Dean Baquet is executive editor of The New York Times, a position he assumed in May 2014. Mr. Baquet serves in the highest ranked position in The Times’s newsroom and oversees The New York Times news report in all its various forms.
“Our first restaurant was in the ’40s. It was called Paul Gross Chicken Coop, on the corner of Bienville and Roman in the 6th Ward, right around here, not that far. Twenty-four-hour restaurant. My dad Eddie was a mail carrier who always wanted to operate his own restaurant, so he went to work with his aunt, who ran the place. Her name was Ada Baquet Gross.”
Baquet brought his son, Wayne Jr., to the breakfast interview to help him sort through his memories. There are a lot of them.
Ada was the first Baquet to go into the restaurant business. Along with her husband, Paul, she opened the Chicken Coop in the mid-’40s, just a few years after Dooky Chase, and both Wayne, 57, and his son, 36, figure it was among the first African-American-owned restaurants in the city. It planted the seed for a string of others, all of them owned and operated by the Baquets, most of them by Wayne and his wife, Janet.
Mr. Baquet’s religious zeal, which fellow parishioners had known about for years, received wide attention on Jan. 6, 2009 – the feast of the Epiphany – when police escorted him out of Our Lady of Good Counsel Church as he clutched his rosary. Mr. Baquet had been part of a group that had occupied the Louisiana Avenue church in defiance of Archbishop Alfred Hughes’ plan to close it and other churches in the wake of Hurricane Katrina-related population declines and a shortage of priests.
And Jourdain’s descendants still abound, Ross said. “I was also contacted by a woman named Isabel Baquet, who lives in Atlanta. She had being doing genealogical research and discovered that her husband, Edward, was a descendant of Detective Jourdain.
“Through our conversations, I learned that Detective Jourdain was a forebear of the famous Baquet family of New Orleans that includes the restaurateurs Wayne and Janet Baquet, the New York Times executive editor Dean Baquet, and the photographer Harold Baquet. “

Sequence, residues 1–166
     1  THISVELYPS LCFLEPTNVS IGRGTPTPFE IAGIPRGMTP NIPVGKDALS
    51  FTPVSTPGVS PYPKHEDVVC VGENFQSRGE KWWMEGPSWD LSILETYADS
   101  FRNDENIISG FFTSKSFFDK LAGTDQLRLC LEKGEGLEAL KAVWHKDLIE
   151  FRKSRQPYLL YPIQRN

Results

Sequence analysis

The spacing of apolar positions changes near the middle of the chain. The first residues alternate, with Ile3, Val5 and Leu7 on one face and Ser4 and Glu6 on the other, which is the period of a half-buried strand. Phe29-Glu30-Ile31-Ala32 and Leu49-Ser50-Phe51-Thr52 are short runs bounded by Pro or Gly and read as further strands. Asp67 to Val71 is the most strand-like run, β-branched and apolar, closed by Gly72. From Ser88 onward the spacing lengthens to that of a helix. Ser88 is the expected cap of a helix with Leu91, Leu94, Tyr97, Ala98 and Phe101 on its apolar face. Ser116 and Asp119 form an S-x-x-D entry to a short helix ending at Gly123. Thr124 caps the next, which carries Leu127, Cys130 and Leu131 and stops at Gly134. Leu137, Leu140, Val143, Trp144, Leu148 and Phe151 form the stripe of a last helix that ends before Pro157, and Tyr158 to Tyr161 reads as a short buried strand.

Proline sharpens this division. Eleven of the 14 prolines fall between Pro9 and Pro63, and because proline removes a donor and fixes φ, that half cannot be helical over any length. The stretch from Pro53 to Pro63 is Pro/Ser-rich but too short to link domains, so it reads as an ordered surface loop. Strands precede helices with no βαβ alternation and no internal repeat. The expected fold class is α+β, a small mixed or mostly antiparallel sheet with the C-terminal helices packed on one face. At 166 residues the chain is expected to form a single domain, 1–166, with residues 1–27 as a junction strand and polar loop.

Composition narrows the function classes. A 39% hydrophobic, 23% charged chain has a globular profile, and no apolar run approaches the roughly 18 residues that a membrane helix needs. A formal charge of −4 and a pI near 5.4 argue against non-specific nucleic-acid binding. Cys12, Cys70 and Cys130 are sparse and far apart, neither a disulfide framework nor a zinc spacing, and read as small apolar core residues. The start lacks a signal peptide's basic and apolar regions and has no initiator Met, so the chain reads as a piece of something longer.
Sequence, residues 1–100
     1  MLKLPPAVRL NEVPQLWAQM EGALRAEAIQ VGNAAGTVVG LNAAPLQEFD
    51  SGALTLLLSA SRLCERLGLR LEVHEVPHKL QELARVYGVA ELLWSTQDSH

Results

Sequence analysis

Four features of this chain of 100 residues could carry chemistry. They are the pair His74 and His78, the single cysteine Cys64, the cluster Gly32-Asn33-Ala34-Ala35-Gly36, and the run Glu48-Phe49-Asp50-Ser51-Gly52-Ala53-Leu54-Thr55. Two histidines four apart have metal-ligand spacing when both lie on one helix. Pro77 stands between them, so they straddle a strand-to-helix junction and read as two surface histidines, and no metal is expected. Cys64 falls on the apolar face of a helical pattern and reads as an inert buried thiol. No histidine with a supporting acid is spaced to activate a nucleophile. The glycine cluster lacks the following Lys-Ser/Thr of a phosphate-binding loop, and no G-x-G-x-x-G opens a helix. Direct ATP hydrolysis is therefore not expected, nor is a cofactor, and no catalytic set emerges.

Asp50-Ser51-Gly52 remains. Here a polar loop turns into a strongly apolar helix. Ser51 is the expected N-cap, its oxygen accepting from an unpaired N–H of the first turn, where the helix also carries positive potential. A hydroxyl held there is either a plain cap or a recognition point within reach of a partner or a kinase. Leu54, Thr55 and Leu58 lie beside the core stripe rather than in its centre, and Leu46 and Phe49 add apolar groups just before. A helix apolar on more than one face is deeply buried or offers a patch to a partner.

“Harold had already agreed to take photographs for the book,” he said. “When we decided to work together, neither Harold nor I knew he was linked by blood to the story and that his photographs would also document an important part of his own family’s history.”
Isabel led me to other Jourdain descendants, including her uncle Wayne Baquet, owner with his wife Janet of the renowned Creole restaurant Lil Dizzy’s on Esplanade Avenue in New Orleans. Wayne and Janet are part of a storied branch of the Baquet clan. Wayne’s father and mother were also famous New Orleans restaurateurs. Other forbears were musicians who helped invent Jazz. Wayne’s brother is the Pulitzer Prize–winning journalist and New York Times Executive Editor Dean Baquet. It is a complicated story, but both Wayne and Janet are Jourdain descendants, and they hold the title to the family tomb in New Orleans’s famous St. Louis Cemetery #1. Their restaurant is filled with memorabilia that commemorates the achievements of their family and other members of the city’s proud Afro-Creole community. On the center of the back wall is an enlarged copy of the petition the the Afro-Creoles of New Orleans presented to President Lincoln during the Civil War, urging him to grant black men the right to vote. At the bottom, amongst the petition’s signatories, are Detective Jourdain and his father J. B. V.